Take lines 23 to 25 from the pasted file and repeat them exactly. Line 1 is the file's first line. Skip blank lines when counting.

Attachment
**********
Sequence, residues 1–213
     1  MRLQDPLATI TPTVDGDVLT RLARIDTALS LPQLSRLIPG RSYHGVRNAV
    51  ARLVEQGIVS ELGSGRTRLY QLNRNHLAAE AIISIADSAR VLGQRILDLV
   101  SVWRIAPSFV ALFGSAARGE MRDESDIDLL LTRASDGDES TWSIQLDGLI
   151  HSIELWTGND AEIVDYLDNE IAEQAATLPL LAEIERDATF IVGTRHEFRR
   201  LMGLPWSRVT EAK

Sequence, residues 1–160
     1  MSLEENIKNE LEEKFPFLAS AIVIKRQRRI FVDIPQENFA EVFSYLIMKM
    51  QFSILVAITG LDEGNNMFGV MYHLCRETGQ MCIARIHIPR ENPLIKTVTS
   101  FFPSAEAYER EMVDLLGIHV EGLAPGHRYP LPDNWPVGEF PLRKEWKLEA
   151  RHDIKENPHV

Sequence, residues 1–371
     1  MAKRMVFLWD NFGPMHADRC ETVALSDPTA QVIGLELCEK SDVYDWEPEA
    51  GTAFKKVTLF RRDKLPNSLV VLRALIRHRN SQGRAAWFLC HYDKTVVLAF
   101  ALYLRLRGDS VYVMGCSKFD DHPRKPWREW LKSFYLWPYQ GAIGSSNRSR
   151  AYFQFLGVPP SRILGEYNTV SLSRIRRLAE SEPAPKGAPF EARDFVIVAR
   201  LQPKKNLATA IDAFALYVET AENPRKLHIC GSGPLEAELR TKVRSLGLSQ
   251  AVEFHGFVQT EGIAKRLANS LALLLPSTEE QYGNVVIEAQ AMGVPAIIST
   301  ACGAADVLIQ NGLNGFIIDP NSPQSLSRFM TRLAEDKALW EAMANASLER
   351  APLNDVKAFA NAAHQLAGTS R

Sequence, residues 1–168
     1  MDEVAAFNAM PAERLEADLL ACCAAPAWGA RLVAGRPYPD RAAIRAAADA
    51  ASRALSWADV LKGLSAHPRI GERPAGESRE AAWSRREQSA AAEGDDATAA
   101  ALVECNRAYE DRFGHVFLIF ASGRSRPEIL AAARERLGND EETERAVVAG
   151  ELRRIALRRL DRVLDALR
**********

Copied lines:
    51  ASRALSWADV LKGLSAHPRI GERPAGESRE AAWSRREQSA AAEGDDATAA
   101  ALVECNRAYE DRFGHVFLIF ASGRSRPEIL AAARERLGND EETERAVVAG
   151  ELRRIALRRL DRVLDALR